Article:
Valtteri Bottas saw his hopes of taking a maiden Formula 1 victory in Bahrain on Sunday fade as tire pressure issues limited the Finn to third place at the checkered flag.
Bottas scored his first pole position in F1 on Saturday in qualifying, edging out Mercedes teammate Lewis Hamilton by 0.023 seconds with his best lap.
Bottas retained his lead through the first stint of the race, but was unable to pull away as he struggled to manage his rear tires, creating a train of cars behind.
Bottas lost the lead after a slow pit stop, and ultimately had to let Hamilton pass him twice on-track to allow the Briton a shot at winning the race, leaving the ex-Williams driver third come the finish.
“It was a really tricky race for me, struggling with the pace all through the race. I think the first stint we found a bit of an issue with the tire pressures, that explains the rear end struggle,” Bottas said.
“But after that I was just rear limited and out of the tools on the steering wheel. It was just oversteering all through the race and that’s where the pace was slow, which is a real shame because for sure the target for today was a lot higher.”
Bottas admitted that he was disappointed to have been asked to let Hamilton pass him on two occasions in the race, but conceded that it was for the good of the team as it tried – and failed – to stop Sebastian Vettel winning for Ferrari.
“I’m a racing driver, so being told to let your teammate through is the worst thing you can ear. But there was potential for Lewis to catch Sebastian, so I understand the team’s decision,” Bottas said.
“Personally it’s hard, but what I have to find out is why we didn’t have the pace today.
Bad news continues to come out of the Monster Energy / Pro Circuit Kawasaki team as they announced Jo Shimoda injured his shoulder in a practice session and will not mount up when the Monster Energy Supercross 250 East division opens in Houston, Texas on February 4. A timetable has not been given for Shimoda’s return, but a press release from the team references multiple weeks.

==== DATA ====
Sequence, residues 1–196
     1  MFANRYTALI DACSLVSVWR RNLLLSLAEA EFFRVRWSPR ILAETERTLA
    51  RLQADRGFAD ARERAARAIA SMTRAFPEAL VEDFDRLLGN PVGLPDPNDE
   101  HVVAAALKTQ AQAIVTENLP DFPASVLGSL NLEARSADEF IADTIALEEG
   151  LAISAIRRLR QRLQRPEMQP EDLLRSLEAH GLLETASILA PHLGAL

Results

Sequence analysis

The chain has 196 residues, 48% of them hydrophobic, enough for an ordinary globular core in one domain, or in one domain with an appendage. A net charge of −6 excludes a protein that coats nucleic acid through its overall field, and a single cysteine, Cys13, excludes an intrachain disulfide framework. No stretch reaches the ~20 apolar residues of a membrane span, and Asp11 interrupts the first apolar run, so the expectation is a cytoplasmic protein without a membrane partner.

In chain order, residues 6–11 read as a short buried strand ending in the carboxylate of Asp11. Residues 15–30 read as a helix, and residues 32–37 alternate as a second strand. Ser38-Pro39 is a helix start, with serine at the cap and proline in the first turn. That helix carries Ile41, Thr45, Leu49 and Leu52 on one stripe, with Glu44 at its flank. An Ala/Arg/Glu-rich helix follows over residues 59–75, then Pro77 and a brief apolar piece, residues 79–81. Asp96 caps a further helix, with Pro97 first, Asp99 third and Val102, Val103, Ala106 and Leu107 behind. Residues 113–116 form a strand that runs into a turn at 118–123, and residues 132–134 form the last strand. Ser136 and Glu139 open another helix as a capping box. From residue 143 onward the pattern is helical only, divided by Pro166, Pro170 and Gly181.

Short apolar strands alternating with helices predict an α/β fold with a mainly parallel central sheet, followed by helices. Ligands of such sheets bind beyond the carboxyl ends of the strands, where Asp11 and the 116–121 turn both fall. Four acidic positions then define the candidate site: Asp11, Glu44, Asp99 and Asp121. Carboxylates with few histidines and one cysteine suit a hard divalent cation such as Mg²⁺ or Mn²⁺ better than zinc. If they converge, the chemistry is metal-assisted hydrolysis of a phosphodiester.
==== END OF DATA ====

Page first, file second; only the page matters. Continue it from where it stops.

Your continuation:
“I’m doing my best to focus forward on my return to racing,” said Shimoda in the release. “Our goal was to compete for the 250 Supercross Eastern Regional Championship and I know we had been doing the right work to make that happen. Unfortunately, this crash will cause me to miss the start of the season, but I still aim to be back on the track racing for wins before the end of Supercross.”
Shimoda is joined on the sidelines by teammates Seth Hammaker and Austin Forkner, who also suffered injuries in recent weeks.
The news of Hammaker’s sidelining came just two days ago. His wrist injury is sufficient to require surgery, so he too will miss multiple weeks. Hammaker was scheduled to compete in the 250 East division alongside Shimoda.
Forkner was involved in a Lap 1 crash in the 250 West season opener at Anaheim. Multiple injuries, including an ACL tear, will sideline him for the remainder of the season. He described the injury and its aftermath on Instagram.
Forkner will be relieved by Carson Mumford, but not before that rider’s wrist has healed sufficiently. He is scheduled to debut with Kawasaki in Oakland for the rescheduled Round 2 Supercross race on February 18.
Shimoda finished fourth in the 2022 Supercross 250 West division and was second in 2021 points in 250 East. In 2021, Shimoda won his first Supercross race at Salt Lake City. Last year, he scored one podium and six top-fives in nine starts.
Shimoda finished second in last year’s outdoor Lucas Oil Pro Motocross season, where he added two more SuperMotocross wins including the Unadilla Nationals that kicked off a four-race streak of first- or second-place results.
Kawasaki is not the only team facing injury. Red Bull KTM initially reported Marvin Musquin would be out for the San Diego round with a wrist injury and “maybe more”. This week it was announced he will miss this week’s Triple Crown race in Anaheim and “at least the next several rounds.”